As soon as I heard that Cuba was running out of beer I knew I had to get out there to help.

Beer is akin to a basic human right.  It provides health and happiness to billions of people around the world each day, lubricating conversations, slaking thirst, and bringing communities together.  A nation starved of beer is no nation in my book.

I knew something was amiss when I checked into my hotel.  (No I’m not going to reveal which one, it’s hard enough getting a room at the best of times.)  Ernesto, the night manager, welcomed me with a gloomy expression.  Hucksters had been coming round and offering three times the going rate for cans of Bucanero.  “But sir, it’s OK, I have kept some back for you, especially.”

That’s my man.

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So my Brexit post at the start of the week kicked up a bit of a stir.

As I said on Monday, I’m an Aussie so it’s not for me to tell you Pommies how to vote.

But as an Aussie I do have views on our great shared institution The Commonwealth.  And as a businessman I understand the economics, and see the trade implications of EU membership first hand.

It beggars belief why any country would choose to shackle itself to a declining economy such as Europe, in a relationship that acts as a straight jacket.

Because that’s what EU membership does.  It prevents Britain from forging more meaningful trade relations with other more dynamic countries and trading blocs around the world.

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I love America.  And I’m a fan of Obama.

He’s in his last 8 months and he’s working seriously on his legacy.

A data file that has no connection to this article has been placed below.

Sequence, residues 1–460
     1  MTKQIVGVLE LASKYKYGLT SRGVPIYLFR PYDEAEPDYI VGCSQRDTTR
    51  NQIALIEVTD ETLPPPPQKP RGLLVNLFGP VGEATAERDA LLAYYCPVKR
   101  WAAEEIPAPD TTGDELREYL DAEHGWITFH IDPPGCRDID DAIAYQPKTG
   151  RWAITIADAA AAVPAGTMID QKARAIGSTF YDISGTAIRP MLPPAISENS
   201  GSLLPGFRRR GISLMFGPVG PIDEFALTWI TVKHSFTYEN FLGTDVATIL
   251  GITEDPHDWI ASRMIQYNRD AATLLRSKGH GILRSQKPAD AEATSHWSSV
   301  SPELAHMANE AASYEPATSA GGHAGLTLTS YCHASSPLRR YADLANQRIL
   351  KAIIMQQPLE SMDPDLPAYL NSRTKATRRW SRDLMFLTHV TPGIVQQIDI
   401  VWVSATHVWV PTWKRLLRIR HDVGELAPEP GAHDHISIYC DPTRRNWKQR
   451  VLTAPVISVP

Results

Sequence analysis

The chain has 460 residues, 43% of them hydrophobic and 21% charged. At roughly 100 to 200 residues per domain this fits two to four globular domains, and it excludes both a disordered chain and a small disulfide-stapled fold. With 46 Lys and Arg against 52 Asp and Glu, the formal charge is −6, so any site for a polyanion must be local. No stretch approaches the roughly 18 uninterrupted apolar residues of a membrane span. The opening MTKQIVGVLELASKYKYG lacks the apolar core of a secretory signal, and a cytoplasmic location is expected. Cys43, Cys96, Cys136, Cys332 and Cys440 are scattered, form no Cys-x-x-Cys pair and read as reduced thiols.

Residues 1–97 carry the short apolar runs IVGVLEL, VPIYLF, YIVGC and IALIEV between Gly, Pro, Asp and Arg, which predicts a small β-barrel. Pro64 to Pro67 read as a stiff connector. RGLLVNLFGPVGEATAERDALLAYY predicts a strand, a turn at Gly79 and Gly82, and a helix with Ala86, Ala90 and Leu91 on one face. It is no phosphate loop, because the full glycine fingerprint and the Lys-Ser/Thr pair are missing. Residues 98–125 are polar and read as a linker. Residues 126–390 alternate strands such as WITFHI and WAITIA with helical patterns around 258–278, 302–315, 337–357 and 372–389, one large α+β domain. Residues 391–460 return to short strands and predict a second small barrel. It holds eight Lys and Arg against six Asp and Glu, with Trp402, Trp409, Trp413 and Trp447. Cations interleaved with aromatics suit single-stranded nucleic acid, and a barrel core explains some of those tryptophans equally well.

Cuba’s been on the naughty step for 55 years. It’s cost them a trillion dollars.  America hasn’t always been behaved brilliantly towards her neighbour.  In fact, the relationship has been soured by all sorts of hiccups – Russian nukes, Guantanamo Bay, the Bay of Pigs fiasco (when American-trained Cuban exiles tried to overthrow Fidel Castro’s government), lots of finger wagging, and the embargo.

But this week Obama was man enough to accept that this hasn’t worked and that the time has come for US policy on Cuba to change. “A policy of isolation designed for the Cold War makes little sense in the 21st Century.

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Like a good pint of Guinness on St Patrick’s day, Monday’s news from the Gatwick Gusher was worth waiting for.

Some people think that because the initial test results are out, then that’s the end of the story for now. ‘Pack your kit bag and move on.’


This is just the beginning of the story, as UKOG and its pioneering partners move to make Horse Hill and the Weald Basin a big success. Even BP started as little tiddler way back in 1908.  Look what happened to them.

(If you don’t know, BP was founded in 1908 as the Anglo-Persian Oil Company following the discovery of its large oil field in Masjed Soleiman, Iran. It was the first company to extract petroleum from there.)

Now back to Horse Hill, a subset of Nutech’s 124 billion barrel (P50) potential of the UK’s Weald Basin.

The final Horse Hill 1 Portland test blew the lid off expectations.  323 barrels of oil per day, double the previous rate, made it the highest stable dry oil flow rate from any onshore UK Portland sandstone formation well.  Thanks to good old Mother Nature, and a bigger pump.  An even bigger pump would have given even more flow, but alas I don’t think they could find one in time. Pity.

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Obama’s Cuba visit is more than an historic moment.  For Obama it’s personal.  Mark my word, we’re in for some big words this week.

It is nearly 90 years since a US President has visited Cuba (Calvin Coolidge was the last, in 1928).

And it’s over half a century since relations soured following Fidel Castro’s 1959 revolution.  Pointing nukes at the Americans in 1962 went down very very badly (I don’t recommend it.)

As recently as 1996 the US imposed the Helms-Burton Act penalising companies investing in Cuba.

So when President Obama stepped off Air Force One yesterday, flanked by the First Lady, daughters Sasha and Malia, and even the First Mother-In-Law Marian Robinson, the sense of history was in the air.